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Defusing angry children takes heart

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When dealing with a child who is angry, it is important to remember this one essential thing: almost all misbehavior stems from a very strong emotion the child is feeling at that time.

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As a rule, children, especially young children, often have difficulty articulating their feelings; therefore those feelings come out in the form of tantrums or defiance. They simply have not learned another way of addressing how hurt, angry or disappointed they are. All too often, parents, teachers and other adults in a position of authority react to the child’s misbehavior rather than realizing it is the feeling fueling the behavior that needs to be addressed.

According to Noël Janis-Norton, author of Calmer, Happier, Easier Parenting, there are things we can do to help defuse children when they are angry. This information should be of benefit to anyone who deals with children of any age.

The foundation of her approach is reflective listening, or, in effect, listening with your heart. Reflective listening provides a way for you to make the child feel better and, as a result, feel like behaving better. It helps both children and adults move through their feelings more quickly and easily, toward acceptance and problem-solving. Listening reflectively is a specific way to constructively acknowledge the child’s feelings after which the misbehavior normally clears up.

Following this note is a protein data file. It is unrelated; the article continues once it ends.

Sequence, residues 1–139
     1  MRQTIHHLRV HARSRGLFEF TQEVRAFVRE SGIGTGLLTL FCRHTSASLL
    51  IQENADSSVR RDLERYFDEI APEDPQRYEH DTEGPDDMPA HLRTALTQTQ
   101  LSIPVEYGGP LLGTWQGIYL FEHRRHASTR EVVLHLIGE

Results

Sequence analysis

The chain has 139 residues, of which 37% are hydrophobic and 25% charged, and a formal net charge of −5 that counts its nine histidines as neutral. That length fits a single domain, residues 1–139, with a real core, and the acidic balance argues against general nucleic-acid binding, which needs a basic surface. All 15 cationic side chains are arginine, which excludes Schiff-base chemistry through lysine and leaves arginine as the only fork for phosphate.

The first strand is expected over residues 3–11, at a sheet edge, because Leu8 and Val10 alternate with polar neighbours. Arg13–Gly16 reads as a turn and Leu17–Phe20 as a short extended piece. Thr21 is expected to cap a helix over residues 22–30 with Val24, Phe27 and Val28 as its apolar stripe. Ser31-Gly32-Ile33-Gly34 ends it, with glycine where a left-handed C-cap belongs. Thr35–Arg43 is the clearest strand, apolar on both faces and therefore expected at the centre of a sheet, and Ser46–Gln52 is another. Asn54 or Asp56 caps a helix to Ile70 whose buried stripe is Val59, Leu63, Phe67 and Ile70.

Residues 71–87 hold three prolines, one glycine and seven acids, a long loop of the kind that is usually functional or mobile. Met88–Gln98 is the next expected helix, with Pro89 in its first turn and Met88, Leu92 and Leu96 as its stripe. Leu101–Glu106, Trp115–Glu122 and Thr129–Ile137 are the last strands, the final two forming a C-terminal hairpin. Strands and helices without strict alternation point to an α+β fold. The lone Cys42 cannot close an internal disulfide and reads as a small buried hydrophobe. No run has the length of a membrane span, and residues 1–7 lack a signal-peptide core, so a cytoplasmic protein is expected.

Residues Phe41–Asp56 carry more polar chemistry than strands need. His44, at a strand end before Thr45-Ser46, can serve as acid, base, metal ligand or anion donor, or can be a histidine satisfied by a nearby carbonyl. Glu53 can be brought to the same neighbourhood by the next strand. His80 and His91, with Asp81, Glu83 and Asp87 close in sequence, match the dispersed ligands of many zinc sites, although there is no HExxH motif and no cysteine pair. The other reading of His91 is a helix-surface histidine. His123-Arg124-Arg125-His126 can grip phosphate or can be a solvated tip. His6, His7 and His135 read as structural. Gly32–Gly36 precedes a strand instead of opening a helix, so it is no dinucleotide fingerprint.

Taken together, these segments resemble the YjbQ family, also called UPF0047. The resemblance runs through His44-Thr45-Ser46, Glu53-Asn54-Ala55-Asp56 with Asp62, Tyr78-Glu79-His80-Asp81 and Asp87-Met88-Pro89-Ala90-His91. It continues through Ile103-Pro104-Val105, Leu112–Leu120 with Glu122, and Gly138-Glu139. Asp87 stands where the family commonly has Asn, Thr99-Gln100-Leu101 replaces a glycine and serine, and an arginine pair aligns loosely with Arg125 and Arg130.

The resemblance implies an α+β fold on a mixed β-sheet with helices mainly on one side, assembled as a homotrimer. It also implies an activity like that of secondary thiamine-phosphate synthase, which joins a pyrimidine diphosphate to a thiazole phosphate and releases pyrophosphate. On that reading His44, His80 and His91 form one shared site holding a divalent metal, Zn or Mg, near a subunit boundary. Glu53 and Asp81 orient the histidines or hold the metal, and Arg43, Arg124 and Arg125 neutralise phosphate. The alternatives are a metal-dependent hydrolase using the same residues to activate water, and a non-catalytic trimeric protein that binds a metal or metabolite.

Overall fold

This approach is supported by the latest brain research which indicates that when a child is in the midst of “big emotion,” their emotional right brain has taken over. Unfortunately, as adults, we tend to respond with logic and reason – left-brain characteristics. No wonder the two find themselves on the opposite side of the issue at that point in time. If adults can learn a specific way of dealing with the emotions, however, the two sides of the brain can work together to resolve the problem.

Reflective listening is not just about being sympathetic to the child. It is about taking the time and making the effort to truly understand what the child is feeling at the moment, and then reflecting back to him in words he can understand what you imagine he is feeling. First and foremost, this shows the child you care. Likely, we have all told a child to “Use your words.” At a time they have no clue as to what to say. Over time, reflective listening will provide the child with a rich and varied vocabulary for sharing emotions.

Look for the follow-up article, How to master reflective listening for tips from Noël Janis-Norton to help you deal well with upset children.



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